For years, the ‘traditional’ funeral has involved a coffin, flowers, a cemetery and a wake or memorial service. However, this may be changing.
Society as a whole is becoming more aware of our environmental footprint. We’re looking for more sustainable products and solutions to use day-to-day, and now that even extends to reducing the footprint of our deaths.
What are green funerals?
A green funeral, also known as a green burial or natural burial, aims to have as minimal an impact on the environment as possible. Ways to reduce the impact include burying at a green burial site, using an environmentally conscious coffin or casket, having no headstone and choosing not to use any chemical preservatives or disinfectants.
Why the rise in green funerals?
People are becoming a lot more environmentally conscious, and the need to protect the environment for future generations is an increasing concern.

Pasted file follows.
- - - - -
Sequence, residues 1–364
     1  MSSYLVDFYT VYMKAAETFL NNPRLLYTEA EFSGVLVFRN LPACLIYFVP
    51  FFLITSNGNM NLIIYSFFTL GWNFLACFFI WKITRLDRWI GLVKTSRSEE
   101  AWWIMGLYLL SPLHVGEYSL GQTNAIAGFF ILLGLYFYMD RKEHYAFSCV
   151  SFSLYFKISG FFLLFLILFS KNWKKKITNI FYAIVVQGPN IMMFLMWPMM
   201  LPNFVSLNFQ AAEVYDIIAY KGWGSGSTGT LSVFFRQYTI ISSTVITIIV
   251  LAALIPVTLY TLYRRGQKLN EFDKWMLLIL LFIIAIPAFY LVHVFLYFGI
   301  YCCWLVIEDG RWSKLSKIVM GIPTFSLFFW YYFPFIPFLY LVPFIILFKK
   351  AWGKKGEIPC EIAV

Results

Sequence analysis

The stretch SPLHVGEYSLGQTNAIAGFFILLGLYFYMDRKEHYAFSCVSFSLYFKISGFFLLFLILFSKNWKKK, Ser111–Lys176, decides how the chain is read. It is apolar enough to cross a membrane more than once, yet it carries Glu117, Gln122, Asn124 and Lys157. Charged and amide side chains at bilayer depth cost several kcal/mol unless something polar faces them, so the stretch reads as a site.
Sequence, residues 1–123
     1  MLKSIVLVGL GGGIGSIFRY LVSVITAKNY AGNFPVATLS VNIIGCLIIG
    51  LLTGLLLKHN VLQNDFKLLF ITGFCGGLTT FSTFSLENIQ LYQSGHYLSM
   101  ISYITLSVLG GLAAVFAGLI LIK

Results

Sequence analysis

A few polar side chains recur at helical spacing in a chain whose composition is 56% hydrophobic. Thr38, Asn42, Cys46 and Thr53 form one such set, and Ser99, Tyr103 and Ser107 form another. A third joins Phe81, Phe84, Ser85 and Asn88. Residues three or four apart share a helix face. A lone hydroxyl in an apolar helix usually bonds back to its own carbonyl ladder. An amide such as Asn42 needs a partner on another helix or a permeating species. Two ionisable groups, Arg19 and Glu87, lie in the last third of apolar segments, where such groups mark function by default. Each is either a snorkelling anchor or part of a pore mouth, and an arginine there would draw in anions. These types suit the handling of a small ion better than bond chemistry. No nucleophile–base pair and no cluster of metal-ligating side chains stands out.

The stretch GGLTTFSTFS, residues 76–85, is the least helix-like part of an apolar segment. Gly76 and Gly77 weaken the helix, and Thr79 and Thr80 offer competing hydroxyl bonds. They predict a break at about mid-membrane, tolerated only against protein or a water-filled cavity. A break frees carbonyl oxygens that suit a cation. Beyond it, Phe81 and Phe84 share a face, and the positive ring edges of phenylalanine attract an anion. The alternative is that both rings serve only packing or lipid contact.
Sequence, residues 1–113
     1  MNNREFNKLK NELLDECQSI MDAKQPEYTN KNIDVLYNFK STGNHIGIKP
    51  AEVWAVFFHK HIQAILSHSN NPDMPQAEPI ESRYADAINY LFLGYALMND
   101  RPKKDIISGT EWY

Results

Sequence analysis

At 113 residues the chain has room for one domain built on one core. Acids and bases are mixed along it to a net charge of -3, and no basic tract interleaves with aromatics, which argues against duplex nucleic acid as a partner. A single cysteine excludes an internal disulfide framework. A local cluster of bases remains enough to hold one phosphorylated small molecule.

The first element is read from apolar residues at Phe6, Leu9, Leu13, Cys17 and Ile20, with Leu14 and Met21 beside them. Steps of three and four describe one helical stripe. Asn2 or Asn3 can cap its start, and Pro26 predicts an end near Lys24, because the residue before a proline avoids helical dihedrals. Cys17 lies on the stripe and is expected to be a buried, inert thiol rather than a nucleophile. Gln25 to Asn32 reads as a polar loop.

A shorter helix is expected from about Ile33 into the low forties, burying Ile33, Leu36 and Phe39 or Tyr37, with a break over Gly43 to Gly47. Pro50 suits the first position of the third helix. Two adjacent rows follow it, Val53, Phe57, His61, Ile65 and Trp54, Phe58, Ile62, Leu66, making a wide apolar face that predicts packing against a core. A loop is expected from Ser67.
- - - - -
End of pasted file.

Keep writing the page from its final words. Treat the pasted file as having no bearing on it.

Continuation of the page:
In a blog published on Palliative Care Australia, it was noted that within the next 200 years there will be so many cemeteries and headstones that there may be very little land left for our future children to enjoy. For many, the idea of leaving the world with as minimal environmental impact as possible is appealing.
When it comes to the environmental impact, the carbon footprint is reduced by 30kg of carbon dioxide per burial just by having a green funeral. That’s the equivalent to leaving a television on for more than seven days.
And the desire for a green funeral is a global phenomenon. According to a 2019 survey conducted by the National Funeral Directors Association , just over 50% of respondents would be interested in exploring “green” funeral options. Over in the UK, fifteen years ago there was only one green burial site, now there are more than 270. Before the commercialisation of the funeral industry, what’s now known as a green burial was the most common way to bury the deceased.
And if you’re budget conscious, another consideration is that a green funeral may be cheaper. While funeral insurance can be taken out to cover the cost of your desired farewell, the potential to have a cheaper and more environmentally-friendly burial process is appealing to many.